“O Jehovah, you yourself have proved to be a real dwelling for us during generation after generation.”—PS. 90:1.
1, 2. How have God’s servants felt toward the present system of things, and in what sense do they have a home?
2 Likewise, Christ’s anointed followers, whose “citizenship exists in the heavens,” view themselves as “aliens and temporary residents” in the present system of things. (Phil. 3:20; 1 Pet. 2:11) Christ’s “other sheep” are also “no part of the world, just as [Jesus was] no part of the world.” (John 10:16; 17:16) Nevertheless, God’s people are not without a “home.” In fact, we enjoy the protection of the most secure and loving home imaginable, one that is discerned through eyes of faith. Moses wrote: “O Jehovah, you yourself have proved to be a real dwelling for us during generation after generation.” * (Ps. 90:1) How did Jehovah prove to be “a real dwelling” for his loyal servants in ancient times? How is he “a real dwelling” for his name people today? And how will he prove to be the only secure dwelling in the future?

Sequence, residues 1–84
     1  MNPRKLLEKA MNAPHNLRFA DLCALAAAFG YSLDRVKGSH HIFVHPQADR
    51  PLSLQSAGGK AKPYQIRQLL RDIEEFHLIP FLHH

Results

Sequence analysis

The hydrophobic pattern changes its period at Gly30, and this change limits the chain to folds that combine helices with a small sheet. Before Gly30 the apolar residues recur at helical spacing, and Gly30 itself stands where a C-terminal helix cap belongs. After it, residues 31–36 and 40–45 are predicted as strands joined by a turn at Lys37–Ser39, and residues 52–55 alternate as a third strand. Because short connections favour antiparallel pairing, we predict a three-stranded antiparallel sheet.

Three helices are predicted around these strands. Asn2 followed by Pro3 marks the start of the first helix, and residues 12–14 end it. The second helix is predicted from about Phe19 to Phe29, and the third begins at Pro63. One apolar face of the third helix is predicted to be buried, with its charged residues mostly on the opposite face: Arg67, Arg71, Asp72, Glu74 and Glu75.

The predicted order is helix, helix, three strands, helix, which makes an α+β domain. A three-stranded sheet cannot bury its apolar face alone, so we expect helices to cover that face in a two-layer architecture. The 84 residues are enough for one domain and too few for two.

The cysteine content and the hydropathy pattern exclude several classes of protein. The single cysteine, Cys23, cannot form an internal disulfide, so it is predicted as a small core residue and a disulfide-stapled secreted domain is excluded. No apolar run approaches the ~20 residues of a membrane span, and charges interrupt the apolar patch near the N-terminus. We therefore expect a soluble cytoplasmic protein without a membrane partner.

JEHOVAH—“A REAL DWELLING” FOR HIS SERVANTS OF OLD
3. What topic, image, and point of similarity do we find at Psalm 90:1?
3 Like many word pictures in the Bible, Psalm 90:1 has a topic, an image, and a point of similarity. The topic is Jehovah. The image is that of a dwelling, or place of habitation. Jehovah has much in common with such a place. For example, Jehovah provides protection for his people. This is in harmony with the fact that he is the very personification of love. (1 John 4:8) He is also a God of peace, who makes his loyal ones “dwell in security.” (Ps. 4:8) Consider, for instance, his dealings with faithful patriarchs, beginning with Abraham.